COLLINS: “A PRESIDENT THE WORLD WANTS TO FOLLOW”
Digging along in the Kristofian vein, Gail Collins followed the election by saying that Americans “can bask in the realization that there are billions of people around the planet who loathed our country last week but are now in it awe of its capacity to rise above historic fears and prejudices, that again the United States will have a president the world wants to follow.” But assuming this “optimistic” assessment is accurate (the global public relations “Obama Dividend” could fade significantly with Obama’s first serious attack on some official foreign enemy), what’s so great about the world “following” another neoliberal U.S. president? The standard underlying assumption (mandatory at the Times) is that “we” (well, our foreign policy elite and the White House) have the best interests of the world at heart. That is a supposition that most of the world has long rejected, however happy the planet understandably may be about the imminent disappearance of the dangerous cowboys George W. Bush and Dick Cheney.
Collins praised the election for creating a nation where “American children are going to grow up unaware that there’s anything novel in an African-American president or a woman running for the White House.” But how much does racial and/or gender reshuffling at the level of the power elite really have to do with the goal of social equality and the meaningful transcendence of racist and sexist barriers to black and female progress and equity? More than merely being different than social equality, increased ruling-class diversity can actually work against it insofar as it used to divert the populace from broader and underlying patterns of societal disparity and discrimination. To some extent, indeed, Obama’s ascendancy has reinforced widespread false white beliefs that racism no longer poses meaningful barriers to black advancement and equality. Many whites are using Obama’s success to argue that racial inequalities no longer exist (this in a period when black median household worth is equivalent to just 7 cents on the median white household dollar) or that the only reasonable explanations left for disproportionate black poverty and racial inequality anymore are strictly internal to black people, communities and culture.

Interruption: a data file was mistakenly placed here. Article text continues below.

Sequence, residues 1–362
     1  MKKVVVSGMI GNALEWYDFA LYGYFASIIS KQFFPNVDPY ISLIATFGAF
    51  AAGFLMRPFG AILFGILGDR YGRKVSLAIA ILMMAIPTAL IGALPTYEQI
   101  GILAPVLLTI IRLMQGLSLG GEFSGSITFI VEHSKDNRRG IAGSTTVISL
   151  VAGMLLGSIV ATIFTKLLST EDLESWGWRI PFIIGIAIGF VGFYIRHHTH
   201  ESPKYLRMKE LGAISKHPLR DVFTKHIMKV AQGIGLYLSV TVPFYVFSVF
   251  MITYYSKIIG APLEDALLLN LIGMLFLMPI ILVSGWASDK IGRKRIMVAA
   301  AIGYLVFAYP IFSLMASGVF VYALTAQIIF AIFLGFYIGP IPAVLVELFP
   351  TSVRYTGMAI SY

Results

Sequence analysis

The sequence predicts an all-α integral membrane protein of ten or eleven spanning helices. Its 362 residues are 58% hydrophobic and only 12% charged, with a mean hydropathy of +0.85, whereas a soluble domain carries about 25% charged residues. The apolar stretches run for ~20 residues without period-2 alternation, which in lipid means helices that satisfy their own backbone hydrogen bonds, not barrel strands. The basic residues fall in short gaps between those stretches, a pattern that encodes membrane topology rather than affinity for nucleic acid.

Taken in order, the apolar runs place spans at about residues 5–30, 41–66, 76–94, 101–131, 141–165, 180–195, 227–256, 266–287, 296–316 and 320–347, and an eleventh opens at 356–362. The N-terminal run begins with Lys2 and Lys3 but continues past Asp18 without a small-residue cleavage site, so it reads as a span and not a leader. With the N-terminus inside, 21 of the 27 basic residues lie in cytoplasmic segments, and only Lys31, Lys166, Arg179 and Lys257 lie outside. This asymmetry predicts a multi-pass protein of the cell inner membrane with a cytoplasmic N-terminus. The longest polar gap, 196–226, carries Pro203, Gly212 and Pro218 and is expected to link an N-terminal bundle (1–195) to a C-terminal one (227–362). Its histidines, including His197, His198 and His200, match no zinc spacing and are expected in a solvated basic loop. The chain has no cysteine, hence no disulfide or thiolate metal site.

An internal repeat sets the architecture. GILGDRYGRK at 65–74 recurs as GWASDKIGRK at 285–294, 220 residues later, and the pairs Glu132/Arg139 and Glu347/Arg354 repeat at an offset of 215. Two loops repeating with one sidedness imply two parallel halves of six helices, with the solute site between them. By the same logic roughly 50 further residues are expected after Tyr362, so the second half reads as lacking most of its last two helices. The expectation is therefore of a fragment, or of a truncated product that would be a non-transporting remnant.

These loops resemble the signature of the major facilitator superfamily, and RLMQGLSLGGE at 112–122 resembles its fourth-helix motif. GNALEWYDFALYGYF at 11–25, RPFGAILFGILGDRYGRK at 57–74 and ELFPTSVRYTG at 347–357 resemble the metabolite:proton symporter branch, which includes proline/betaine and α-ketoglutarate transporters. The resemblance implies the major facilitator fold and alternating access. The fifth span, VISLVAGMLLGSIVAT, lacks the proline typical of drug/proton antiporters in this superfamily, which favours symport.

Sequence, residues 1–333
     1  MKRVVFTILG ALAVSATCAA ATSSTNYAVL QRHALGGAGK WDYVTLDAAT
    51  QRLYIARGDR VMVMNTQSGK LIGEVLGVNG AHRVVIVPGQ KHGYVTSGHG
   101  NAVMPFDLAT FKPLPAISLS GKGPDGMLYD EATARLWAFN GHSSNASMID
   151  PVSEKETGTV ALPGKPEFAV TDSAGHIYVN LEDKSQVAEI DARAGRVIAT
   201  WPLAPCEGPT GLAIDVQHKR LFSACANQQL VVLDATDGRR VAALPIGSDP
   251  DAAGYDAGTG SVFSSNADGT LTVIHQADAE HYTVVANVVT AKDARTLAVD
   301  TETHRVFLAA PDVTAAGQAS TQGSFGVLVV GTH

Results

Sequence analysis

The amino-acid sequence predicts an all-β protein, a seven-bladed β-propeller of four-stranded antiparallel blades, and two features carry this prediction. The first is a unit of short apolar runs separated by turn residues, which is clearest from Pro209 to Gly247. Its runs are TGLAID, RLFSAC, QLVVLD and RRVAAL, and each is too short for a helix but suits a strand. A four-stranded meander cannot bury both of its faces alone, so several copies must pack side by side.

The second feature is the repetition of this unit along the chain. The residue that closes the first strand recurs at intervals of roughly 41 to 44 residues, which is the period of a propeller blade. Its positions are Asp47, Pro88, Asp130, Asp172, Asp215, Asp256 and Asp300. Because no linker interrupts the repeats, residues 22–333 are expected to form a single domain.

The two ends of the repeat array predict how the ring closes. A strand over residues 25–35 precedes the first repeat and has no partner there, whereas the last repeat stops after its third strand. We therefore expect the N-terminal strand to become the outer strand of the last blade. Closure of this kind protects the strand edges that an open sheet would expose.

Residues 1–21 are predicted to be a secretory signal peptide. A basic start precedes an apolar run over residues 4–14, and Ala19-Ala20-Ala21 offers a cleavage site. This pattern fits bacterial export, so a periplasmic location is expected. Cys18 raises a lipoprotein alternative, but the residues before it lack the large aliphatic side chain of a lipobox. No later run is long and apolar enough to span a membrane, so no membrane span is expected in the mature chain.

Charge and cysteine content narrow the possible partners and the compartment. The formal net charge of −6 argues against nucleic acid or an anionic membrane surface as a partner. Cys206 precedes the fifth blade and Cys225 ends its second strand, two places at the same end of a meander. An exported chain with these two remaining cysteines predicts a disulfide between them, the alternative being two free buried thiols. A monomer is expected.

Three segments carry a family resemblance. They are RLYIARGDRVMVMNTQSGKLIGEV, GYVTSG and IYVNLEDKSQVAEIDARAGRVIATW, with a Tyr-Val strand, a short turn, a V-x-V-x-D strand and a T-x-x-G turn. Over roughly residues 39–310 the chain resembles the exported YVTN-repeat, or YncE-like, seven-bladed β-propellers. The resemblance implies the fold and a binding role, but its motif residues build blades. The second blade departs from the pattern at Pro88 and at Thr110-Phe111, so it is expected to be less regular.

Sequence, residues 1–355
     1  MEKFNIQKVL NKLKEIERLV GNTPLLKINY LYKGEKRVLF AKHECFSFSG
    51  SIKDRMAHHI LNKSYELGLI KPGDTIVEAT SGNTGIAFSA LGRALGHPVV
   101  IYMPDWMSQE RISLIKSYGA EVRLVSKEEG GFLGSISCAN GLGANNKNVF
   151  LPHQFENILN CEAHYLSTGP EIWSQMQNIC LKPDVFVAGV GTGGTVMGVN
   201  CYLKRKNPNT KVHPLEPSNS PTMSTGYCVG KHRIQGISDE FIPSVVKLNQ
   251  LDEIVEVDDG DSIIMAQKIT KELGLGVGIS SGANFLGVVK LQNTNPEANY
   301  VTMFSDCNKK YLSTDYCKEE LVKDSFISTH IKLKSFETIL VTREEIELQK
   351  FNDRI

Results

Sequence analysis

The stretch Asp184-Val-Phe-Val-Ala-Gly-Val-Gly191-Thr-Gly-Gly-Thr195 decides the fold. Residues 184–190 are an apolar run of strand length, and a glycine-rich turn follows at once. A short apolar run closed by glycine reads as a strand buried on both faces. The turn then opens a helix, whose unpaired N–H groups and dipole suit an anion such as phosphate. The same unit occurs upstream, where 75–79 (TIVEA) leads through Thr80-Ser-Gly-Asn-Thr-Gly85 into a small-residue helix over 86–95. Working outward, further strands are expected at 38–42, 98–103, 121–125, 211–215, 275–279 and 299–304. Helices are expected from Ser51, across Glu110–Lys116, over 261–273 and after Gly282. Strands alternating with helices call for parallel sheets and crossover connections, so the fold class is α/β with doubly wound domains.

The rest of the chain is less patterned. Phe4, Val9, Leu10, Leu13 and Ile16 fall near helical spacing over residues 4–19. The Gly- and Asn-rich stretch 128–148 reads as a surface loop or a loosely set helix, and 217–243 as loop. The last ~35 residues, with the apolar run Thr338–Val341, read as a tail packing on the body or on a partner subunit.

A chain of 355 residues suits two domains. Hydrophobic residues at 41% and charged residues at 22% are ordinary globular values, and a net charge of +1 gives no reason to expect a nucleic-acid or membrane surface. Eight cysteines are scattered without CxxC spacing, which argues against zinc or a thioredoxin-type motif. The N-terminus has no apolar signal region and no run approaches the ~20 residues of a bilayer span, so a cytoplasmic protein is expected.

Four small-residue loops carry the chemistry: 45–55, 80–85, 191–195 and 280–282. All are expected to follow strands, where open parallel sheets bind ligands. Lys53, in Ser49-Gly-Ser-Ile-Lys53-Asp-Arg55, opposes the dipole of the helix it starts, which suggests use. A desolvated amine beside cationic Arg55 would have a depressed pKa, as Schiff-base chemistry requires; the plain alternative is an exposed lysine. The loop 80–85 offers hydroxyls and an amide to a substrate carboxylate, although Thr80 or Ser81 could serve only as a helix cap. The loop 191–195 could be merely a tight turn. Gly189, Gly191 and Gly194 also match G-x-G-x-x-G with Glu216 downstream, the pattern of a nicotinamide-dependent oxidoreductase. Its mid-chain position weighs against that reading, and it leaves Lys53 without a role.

Collins gave some partial praise to Republican House minority leader John Boemher for arguing that Rahm Emmanuel’s appointment was “an ironic choice for a president-elect who has promised to change Washington make politics more civil, and govern from the center.” According to Collins, this statement was “not all that inaccurate.” But while Boehmer was correct on the issues of “change” and “civility,” he was egregiously wrong to suggest that the in-fact militantly centrist Emmanuel is a left actor.
FRIEDMAN: “OK NOW SHOW US THE MONEY AND THE TROOPS”
The prize for election-related hyperbole on the part of Times columnists goes, of course, to Thomas Friedman. He declared the day after the election that “on Nov.4, 2008, shortly after 11 p.m. eastern time, the American Civil war ended, as a black man – Barack Hussein Obama – won enough electoral votes to become president of the United States…. This is what happened Tuesday night,” Friedman wrote, “and that is why we awake this morning to a different country.”
Friedman did not elaborate on exactly what he meant by the ending of “the Civil War” but the implication was fairly clear that Obama’s election marked some sort of gigantic forward march in the nation’s race relations. At the end of his Op-Ed, Friedman said that Obama’s election was about “breaking with our racial past.” The arguments just advanced in regard to Gail Collins apply to Friedman as well: a black president is one thing and societal race equity is another and the first development can actually work against the second in some ways. For many of us on the left that cannot be mentioned except in derision in “mainstream” opinion sites, of course, resolving “our racial past” requires the long-term, payment of some sort of significant reparations for two and a half centuries of black chattel slavery and a century of Jim Crow along with related and ongoing records and legacies of northern racial cleansing, apartheid, ghettoization, racially disparate mass incarceration and more.